Amgen submits BLA to FDA for novel cholesterol drug
Amgen has submitted the first Biologics Licence Application (BLA) to the US FDA for a PCSK9 inhibitor.
Its drug evolocumab is for the treatment of high cholesterol and is an investigational fully human monoclonal antibody that inhibits proprotein convertase subtilisin/kexin type 9 (PCSK9), a protein that reduces the liver’s ability to remove low-density lipoprotein cholesterol (LDL-C) from the blood.
The drug is designed for hard-to-treat cases of raised cholesterol and is unlikely to take market share in the treatment of average patients with raised cholesterol, which is already well served by statins.
The BLA for evolocumab contains data from approximately 6,800 patients, including more than 4,500 patients with high cholesterol in 10 phase III trials. The studies evaluated the safety and efficacy of evolocumab in patients with elevated cholesterol on statins with or without other lipid-lowering therapies; patients who cannot tolerate statins; patients with heterozygous familial hypercholesterolemia (HeFH); and patients with homozygous familial hypercholesterolemia (HoFH), a rare and serious genetic disorder.
“This BLA submission to the FDA marks the first of several submissions to regulatory authorities around the world for our lipid-lowering programme and represents a critical milestone in our overall global development programme for evolocumab,” said Dr Sean Harper, executive vice president of Research and Development at Amgen.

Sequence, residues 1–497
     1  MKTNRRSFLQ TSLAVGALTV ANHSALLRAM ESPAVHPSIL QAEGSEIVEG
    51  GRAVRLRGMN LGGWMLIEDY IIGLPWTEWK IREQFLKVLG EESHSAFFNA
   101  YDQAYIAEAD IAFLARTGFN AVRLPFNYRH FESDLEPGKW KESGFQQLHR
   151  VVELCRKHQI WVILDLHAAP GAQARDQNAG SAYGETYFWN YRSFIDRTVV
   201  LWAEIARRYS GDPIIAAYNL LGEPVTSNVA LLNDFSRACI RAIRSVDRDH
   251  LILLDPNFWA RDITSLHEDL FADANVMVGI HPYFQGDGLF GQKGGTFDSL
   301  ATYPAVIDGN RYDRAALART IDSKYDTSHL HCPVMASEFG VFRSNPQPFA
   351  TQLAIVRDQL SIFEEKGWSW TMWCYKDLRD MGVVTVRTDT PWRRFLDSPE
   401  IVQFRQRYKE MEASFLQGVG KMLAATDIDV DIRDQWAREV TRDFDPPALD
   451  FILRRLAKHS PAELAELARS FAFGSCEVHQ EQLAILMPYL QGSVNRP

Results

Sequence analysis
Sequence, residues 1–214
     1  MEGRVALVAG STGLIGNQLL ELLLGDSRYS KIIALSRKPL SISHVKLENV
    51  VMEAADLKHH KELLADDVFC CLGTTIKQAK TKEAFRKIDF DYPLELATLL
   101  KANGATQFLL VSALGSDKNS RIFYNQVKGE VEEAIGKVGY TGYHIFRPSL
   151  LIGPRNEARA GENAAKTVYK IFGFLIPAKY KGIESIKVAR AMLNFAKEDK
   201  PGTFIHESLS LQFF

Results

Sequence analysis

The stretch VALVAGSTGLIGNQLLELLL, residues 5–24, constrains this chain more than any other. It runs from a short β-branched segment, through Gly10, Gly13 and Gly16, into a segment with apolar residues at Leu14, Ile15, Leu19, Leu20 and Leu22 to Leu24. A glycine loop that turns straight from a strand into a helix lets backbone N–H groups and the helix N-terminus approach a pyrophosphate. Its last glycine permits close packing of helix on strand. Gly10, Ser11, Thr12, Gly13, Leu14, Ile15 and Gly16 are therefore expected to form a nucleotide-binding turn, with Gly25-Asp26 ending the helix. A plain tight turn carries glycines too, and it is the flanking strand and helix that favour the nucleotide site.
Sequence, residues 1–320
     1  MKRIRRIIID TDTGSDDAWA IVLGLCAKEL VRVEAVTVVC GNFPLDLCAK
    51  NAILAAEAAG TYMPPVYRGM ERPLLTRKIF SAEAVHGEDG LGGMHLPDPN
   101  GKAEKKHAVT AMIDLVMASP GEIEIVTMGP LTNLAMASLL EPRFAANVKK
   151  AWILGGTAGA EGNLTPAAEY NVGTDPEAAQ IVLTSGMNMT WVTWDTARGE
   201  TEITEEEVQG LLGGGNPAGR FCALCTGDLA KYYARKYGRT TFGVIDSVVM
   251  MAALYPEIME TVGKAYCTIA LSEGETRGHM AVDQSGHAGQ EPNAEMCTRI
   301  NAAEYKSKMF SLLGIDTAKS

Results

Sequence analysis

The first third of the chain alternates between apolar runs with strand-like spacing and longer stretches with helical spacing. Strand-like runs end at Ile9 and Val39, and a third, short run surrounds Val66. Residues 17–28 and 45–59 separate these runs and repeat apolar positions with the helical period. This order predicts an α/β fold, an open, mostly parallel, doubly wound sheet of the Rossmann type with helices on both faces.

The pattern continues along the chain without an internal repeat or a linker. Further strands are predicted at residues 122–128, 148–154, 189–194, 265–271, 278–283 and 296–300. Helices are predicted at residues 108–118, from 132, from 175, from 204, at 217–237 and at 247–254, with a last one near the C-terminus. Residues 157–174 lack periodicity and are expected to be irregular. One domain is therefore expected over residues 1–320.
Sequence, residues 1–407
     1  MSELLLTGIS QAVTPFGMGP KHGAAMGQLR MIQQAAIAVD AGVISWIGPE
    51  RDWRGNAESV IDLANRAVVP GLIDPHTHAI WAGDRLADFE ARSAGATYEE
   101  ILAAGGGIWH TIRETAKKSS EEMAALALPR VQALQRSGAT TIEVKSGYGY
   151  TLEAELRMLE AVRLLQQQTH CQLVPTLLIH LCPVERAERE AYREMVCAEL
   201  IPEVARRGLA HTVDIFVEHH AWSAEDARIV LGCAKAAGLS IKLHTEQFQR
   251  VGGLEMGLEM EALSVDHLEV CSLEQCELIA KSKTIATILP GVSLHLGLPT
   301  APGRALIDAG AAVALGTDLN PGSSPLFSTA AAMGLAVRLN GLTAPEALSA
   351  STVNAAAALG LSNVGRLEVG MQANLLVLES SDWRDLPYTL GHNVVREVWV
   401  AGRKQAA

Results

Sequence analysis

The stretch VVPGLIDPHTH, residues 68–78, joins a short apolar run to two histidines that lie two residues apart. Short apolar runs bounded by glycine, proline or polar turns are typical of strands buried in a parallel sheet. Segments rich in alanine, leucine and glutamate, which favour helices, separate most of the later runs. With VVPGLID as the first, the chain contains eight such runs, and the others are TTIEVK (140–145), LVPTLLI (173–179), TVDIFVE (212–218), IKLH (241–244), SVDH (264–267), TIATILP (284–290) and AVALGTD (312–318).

High cholesterol, particularly elevated LDL-C, is the most common form of dyslipidemia, an abnormality of cholesterol and/or fats in the blood. Elevated LDL-C is a major risk factor for cardiovascular disease. Familial hypercholesterolemia (FH) is an inherited condition caused by genetic mutations which lead to high levels of LDL-C at an early age.
Patients can have either one of two types of FH. Heterozygous FH is the more common type and occurs in approximately one in 200 to 500 people. It can cause LDL-C levels twice as high as normal Individuals with HeFH have one altered copy of a cholesterol-regulating gene. Homozygous FH is the rare, more severe form, occurring in approximately one in a million individuals. It can cause LDL-C levels more than six times as high as normal. An individual with HoFH has two altered copies of cholesterol-regulating genes. In 2013, the FDA granted evolocumab an orphan drug designation for HoFH.
The clinical trial programme PROFICIO is evaluating evolocumab in 22 clinical trials, with a combined planned enrolment of approximately 30,000 patients.
Amgen’s cardiology pipeline includes several investigational molecules to address a number of unmet patient needs, such as high cholesterol and heart failure.
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